The Engine and the Steering Wheel

Friday, 27 May, 2016 - 10:57 am

The Engine and the Steering Wheel

Much of the struggle and tension within the human being could be boiled down to the natural tension between the mind and the heart. Between that which the mind knows to be right and that which the heart desires.

The mind and the heart have trouble communicating simply because they don’t speak the same language, and they don’t respond to the same stimuli.

The job of the heart is to answer a simple question: “is this good for me?”. The heart does not respond to objective truths. The heart in not concerned about the greater good. The heart’s job is to be subjective, to make sure that the self is happy and pampered. On the other hand, when functioning properly, the mind, is supposed to be objective. The mind is the tool which allows the human being to transcend the self. The mind has the ability to ponder the abstract, to ask, not, “is this good for me”, but rather, “is this good”. The healthy objective mind will be attracted to that which it understands to be objectively good, while the heart will reject it if it is inconsistent with what it perceives to be good for itself. 

With the mind and the heart pulling in different directions, which one should the person follow? Which one should rule the person?

Western society is unequivocal: “follow your heart”. Parents and teachers, songwriters and poets, keep reminding us to “follow your heart, it knows best”.  

It does not take much thought to see the flaw in the “follow the heart” formula. What if one wakes up in the morning and his heart tells him to rob a bank. Should he do what his mother always taught him to do and follow his heart?

Both the emotion and intellect are critical to a healthy life. Both are necessary. On the journey we call life, the heart is the engine and the mind is the steering wheel. A person without emotion is a person without an engine, without passion, without the strength to smash through the obstacles and achieve, without the fire to overcome rivers of separation and connect to another. But an engine without a steering wheel will end up in the ditch stuck on the side of the road.   

The heart is the stuff of life, but when the mind turns on the “check engine” light then we must stop, lift up the hood, and examine the emotions.

In fact, we “check the engine” every year during the forty nine days between the holidays of Passover and Shavuos. The Kabbalah teaches that there are seven emotions, each emotion includes all seven. On each day of the forty nine days, we examine one of our emotions. We scrutinize the emotion and direct it to the proper road.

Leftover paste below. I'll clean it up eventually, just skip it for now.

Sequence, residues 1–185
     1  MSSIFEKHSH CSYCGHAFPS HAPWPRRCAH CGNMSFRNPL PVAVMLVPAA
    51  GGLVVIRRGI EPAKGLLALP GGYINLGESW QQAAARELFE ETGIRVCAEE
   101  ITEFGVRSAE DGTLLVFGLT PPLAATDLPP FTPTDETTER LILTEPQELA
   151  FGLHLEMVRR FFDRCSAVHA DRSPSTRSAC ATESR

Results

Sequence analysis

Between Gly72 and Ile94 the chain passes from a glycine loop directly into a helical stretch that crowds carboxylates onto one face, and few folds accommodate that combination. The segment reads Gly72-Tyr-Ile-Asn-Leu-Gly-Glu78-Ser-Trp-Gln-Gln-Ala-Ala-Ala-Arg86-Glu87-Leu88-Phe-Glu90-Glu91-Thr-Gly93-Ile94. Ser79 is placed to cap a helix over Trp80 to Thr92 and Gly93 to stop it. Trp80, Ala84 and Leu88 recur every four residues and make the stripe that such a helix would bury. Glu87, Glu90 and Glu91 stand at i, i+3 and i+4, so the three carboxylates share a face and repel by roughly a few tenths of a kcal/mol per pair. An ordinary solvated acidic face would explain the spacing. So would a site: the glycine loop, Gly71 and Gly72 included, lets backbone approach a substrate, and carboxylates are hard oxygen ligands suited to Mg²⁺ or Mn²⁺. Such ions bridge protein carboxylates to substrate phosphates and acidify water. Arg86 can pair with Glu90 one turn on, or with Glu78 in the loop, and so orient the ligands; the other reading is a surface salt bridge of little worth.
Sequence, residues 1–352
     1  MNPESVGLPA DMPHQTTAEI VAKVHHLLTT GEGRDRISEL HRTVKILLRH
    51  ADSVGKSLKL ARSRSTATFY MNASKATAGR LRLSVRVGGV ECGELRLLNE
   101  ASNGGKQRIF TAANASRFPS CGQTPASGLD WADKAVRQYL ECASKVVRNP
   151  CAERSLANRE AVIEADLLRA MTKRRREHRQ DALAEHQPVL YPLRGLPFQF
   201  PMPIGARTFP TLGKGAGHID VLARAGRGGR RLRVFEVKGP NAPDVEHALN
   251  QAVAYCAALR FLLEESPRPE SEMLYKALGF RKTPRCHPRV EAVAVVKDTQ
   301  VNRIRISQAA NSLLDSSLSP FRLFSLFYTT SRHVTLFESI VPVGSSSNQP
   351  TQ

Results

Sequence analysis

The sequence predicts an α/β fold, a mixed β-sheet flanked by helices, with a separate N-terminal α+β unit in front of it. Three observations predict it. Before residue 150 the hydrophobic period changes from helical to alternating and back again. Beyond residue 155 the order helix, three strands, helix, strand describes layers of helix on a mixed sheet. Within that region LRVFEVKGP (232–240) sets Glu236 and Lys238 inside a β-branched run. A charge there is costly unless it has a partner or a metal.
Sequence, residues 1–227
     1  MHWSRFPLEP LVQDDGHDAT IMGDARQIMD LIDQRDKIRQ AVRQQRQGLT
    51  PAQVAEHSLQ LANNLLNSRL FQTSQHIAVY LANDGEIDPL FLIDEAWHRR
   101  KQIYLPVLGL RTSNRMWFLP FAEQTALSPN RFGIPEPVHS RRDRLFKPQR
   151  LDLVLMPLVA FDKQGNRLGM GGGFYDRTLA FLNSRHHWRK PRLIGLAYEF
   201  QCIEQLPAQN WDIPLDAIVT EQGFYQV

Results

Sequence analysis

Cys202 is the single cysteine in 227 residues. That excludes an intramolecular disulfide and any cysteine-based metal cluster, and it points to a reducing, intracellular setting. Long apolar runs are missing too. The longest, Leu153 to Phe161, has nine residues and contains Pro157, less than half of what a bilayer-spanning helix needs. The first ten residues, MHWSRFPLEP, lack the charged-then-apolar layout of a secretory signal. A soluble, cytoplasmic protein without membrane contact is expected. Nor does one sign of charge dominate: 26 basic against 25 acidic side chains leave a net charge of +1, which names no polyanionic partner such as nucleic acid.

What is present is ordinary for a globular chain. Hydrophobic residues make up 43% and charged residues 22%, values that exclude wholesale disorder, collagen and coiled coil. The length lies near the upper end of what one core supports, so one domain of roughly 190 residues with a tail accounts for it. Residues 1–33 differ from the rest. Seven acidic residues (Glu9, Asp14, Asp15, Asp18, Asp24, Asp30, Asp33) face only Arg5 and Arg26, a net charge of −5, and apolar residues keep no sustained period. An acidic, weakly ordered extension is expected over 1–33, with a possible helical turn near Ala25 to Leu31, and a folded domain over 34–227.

We cannot live a healthy life without love, awe, compassion, and commitment. But we must ensure that our emotions are guided by our objective mind to lead us to healthy relationships. Unrefined emotion can lead a person to self centered, destructive, narcissistic behavior.     

This is the symbolism of the Commandment of the Jubilee which we read in this week’s Parsha:

And you shall count for yourself seven sabbatical years, seven years seven times. And the days of these seven sabbatical years shall amount to forty nine years for you… And you shall sanctify the fiftieth year, and proclaim freedom [for slaves] throughout the land for all who live on it. It shall be a Jubilee for you, and you shall return, each man to his property, and you shall return, each man to his family.[1]

We count seven years seven times. Each of the forty nine years represents the refinement of one character trait. On the fiftieth year, we “proclaim freedom throughout the land”. On the fifteenth year we are refined, free of the negative impulses of the emotions. On the fiftieth year we are free to enjoy freedom of objectivity. The freedom to realize the perspective of our loved ones. The freedom to unshackle ourselves from the grasp of our ego. The freedom to apologize. The freedom to improve. 

The freedom to use our inner engine, not to self destruct, but to imbue us with the drive and passion to achieve that which we know we want to achieve.


[1] Leviticus 25:8-10. 

Comments on: The Engine and the Steering Wheel

Alex Troy wrote...

You make a great point: western society and particularly the US, prescribe following one's heart.
And look where it's gotten us.